Arthur Krupps is an ambitious, young lawyer looking forward to providing a secure future for his fiancé.  When his employer sends him to a small, isolated town in the north of England, he looks at it as an opportunity to make a name for himself in his firm.  On the long train ride north, he meets a man named Samuel Daily of the town of Crythin Gifford who becomes rather secretive when Arthur reveals the reason for his visit.  Arthur thinks nothing of Samuel’s odd behavior and, in fact, he finds the town a quiet, peaceful place and expects to enjoy his short stay.  He soon finds out that everyone in town is unwilling to talk about a woman named Alice Drablow, a recluse who lived at Eel Marsh House and the woman whose estate Arthur’s come to settle.  Arthur thinks it odd but brushes it off as nothing more than small town politics and just wants to get through the formalities of his work and return to London.  While attending the funeral of Mrs. Drablow, Arthur spots a woman in black but she disappears before he’s able to speak with her.  He spots her again while walking around Eel Marsh House later that afternoon but she’s much more intimidating on the marshes around the house than at the church.  Thoroughly spooked, he returns to town but is determined to return and finish his work.  When he does return, he finds a house full of sinister secrets and a ghost bent on revenge.

This story, while very short, is full of long, lush sentences that cast a creepy spell.  Arthur wants to believe what’s going on is in his mind but there are too many things happening that make him wonder, in some cases about his own sanity and well-being.  The town’s people won’t talk about the house on the marsh or what happened there and it adds a strange coldness to the story setting Arthur apart from everyone in town.  His search for answers only causes more distress and in the end, all he wants to do is run.  While Arthur’s story begins on a bright cheery note, you know his story won’t end happily.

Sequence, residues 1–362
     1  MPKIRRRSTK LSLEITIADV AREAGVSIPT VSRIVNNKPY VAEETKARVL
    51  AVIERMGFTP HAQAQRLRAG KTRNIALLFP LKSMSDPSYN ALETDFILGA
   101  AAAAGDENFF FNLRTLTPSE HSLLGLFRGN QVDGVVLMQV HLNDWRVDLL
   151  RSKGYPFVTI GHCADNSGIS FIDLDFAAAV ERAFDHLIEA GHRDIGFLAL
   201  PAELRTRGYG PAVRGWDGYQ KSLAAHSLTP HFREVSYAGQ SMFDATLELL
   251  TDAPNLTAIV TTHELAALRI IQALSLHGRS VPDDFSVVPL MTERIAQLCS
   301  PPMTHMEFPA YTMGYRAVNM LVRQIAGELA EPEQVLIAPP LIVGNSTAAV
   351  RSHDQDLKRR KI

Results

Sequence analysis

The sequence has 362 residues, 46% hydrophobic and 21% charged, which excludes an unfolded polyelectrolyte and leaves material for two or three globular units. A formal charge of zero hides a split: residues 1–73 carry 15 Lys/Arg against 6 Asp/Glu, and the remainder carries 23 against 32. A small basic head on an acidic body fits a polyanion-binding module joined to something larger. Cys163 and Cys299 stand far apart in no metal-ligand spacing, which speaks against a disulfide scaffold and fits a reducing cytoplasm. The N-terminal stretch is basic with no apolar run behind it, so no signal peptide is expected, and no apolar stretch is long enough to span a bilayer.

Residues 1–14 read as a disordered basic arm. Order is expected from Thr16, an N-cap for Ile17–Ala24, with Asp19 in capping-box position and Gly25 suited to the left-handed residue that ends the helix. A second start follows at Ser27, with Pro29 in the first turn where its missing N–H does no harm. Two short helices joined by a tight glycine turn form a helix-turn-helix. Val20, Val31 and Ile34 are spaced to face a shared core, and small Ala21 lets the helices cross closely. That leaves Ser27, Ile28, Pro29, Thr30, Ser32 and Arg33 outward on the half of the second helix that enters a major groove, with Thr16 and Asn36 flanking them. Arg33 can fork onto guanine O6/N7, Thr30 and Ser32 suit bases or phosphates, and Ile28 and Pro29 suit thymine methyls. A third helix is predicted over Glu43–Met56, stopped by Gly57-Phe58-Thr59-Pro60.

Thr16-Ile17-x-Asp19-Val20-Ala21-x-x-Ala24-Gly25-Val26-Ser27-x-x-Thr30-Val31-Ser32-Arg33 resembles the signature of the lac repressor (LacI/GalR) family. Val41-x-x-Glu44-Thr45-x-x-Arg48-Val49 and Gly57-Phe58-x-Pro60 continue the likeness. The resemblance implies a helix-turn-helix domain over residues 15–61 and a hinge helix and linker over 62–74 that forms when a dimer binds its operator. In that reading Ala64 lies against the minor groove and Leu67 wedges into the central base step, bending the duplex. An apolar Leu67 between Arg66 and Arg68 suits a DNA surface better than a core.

It’s a good little Victorian story.  Angst, guilt, and anguish with a tad of soul searching thrown in make it a story you don’t want to put down.  If you like ghost stories this is it.  If you don’t, I think it will still hold some value as a story about a man coming to terms with a particular time in his life that he would prefer to forget.  If you don’t like ghost stories, consider it a story about a man and his past with a haunting element that adds atmosphere.

I came across this book while hunting for a dark ghost story.  Susan Hill has several other books, many of which seem to be well-known in England where she lives.  I plan to see what else my library has as she’s definitely a writer I want to read more of.  She has a wonderful style that is lulling but not in the way that puts you to sleep but in the way that pulls you into the story and traps you there until she’s ready to release you.